Magic for Humans: Season 2 (2019) Netflix
The Moodys: Season 1 (2019) 64% 9 p.m., Fox
Vikings: Season 6 (2019) 100% 9 p.m., History
Five Day Biz Fix: Season 1 (2019) CNBC
The Gulf: Season 1 (2019) Sundance Now
Thursday, Dec. 5
The Marvelous Mrs. Maisel: Season 3 (2019) 79% Amazon Prime Video
A Christmas Prince: The Royal Baby (2019) 36% Netflix
Same Time, Next Christmas (2019) Netflix
Apache: The Life of Carlos Tevez: Season 1 (2019) Netflix
Home for Christmas: Season 1 (2019) Netflix
V Wars: Season 1 (2019) 56% Netflix
Growing Up Hip Hop: Season 5 (2019) WE tv
Tell Me a Story: Season 2 (2019) CBS All Access
Friday, Dec. 6
Reprisal: Season 1 (2019) 53% Hulu
Into the Dark, Episode 3: "A Nasty Piece of Work" 82% Hulu
Astronomy Club: The Sketch Show: Season 1 (2019) 100% Netflix
The Chosen One: Season 2 (2019) Netflix
The Confession Killer: Season 1 (2019) 100% Netflix
Fuller House: Season 5 (2019) Netflix
Glow Up: Season 1 (2019) Netflix
Marriage Story (2019) 94% Netflix
Spirit Riding Free: The Spirit of Christmas (2019) Netflix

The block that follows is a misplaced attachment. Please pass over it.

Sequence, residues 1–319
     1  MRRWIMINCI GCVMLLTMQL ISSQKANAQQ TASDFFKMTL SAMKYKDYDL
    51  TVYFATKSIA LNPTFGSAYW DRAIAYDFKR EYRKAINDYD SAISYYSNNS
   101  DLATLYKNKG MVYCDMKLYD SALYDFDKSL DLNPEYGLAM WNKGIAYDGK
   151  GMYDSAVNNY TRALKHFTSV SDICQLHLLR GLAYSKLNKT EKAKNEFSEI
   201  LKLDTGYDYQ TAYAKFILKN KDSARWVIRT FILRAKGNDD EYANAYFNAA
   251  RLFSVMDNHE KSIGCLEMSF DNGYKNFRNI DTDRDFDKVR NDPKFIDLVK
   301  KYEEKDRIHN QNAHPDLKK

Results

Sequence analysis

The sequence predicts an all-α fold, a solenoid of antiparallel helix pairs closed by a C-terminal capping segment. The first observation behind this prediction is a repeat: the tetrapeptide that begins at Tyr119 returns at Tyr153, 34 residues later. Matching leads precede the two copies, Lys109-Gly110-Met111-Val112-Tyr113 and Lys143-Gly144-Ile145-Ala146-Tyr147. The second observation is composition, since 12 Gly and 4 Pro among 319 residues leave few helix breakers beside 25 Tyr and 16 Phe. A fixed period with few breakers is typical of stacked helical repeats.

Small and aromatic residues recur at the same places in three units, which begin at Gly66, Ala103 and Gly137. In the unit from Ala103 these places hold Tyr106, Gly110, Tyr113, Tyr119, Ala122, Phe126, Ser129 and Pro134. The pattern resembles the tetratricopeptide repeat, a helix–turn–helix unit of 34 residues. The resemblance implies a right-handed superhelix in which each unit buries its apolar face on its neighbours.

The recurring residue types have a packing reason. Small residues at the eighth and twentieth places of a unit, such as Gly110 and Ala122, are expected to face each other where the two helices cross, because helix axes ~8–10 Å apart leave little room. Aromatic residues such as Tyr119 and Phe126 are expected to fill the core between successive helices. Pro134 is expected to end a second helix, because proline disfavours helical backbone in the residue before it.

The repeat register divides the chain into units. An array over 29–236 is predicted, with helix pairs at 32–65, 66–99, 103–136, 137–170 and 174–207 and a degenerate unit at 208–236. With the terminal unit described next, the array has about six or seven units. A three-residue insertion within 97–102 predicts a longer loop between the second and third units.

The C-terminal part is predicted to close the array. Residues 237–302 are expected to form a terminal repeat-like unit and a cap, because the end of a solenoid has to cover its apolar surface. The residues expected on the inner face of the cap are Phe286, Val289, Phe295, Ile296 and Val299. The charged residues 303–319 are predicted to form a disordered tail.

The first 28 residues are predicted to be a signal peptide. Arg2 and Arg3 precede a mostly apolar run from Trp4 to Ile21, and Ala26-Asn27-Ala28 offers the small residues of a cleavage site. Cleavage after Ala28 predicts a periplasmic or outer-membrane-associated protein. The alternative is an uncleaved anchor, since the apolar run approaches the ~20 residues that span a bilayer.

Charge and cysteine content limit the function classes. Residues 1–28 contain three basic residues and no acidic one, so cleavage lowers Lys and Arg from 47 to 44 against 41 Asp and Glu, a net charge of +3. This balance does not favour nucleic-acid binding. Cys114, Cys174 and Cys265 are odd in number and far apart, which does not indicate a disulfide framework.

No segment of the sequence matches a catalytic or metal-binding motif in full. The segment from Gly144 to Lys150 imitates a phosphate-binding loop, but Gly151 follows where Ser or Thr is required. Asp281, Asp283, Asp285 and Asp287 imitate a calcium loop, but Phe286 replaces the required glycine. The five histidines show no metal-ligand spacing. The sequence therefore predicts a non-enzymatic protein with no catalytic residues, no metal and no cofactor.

Three Days of Christmas: Season 1 () Netflix
Teasing Master Takagi-san: Season 2 (2019) Netflix
Triad Princess: Season 1 (2019) Netflix
Virgin River: Season 1 (2019) Netflix
Truth Be Told: Season 1 (2019) 31% Apple TV+
One Day at Disney: Shorts: Season 1 (2019) Disney+
Clifford the Big Red Dog: Season 1 () Amazon Prime Video
Monday, Dec. 9
A Family Reunion Christmas, Netflix
The Heart Guy: Season 4 (2019) Acorn TV
Thursday, Dec. 12
Jack Whitehall: Christmas with my Father (2019) Netflix
Sunday, Dec. 15
A Very Merry Cavallari, 10 p.m., E!
Monday, Dec. 16
Slings & Arrows: Season 3, Acorn TV
Laurel Canyon, 9 p.m., Epix
Tuesday, Dec. 17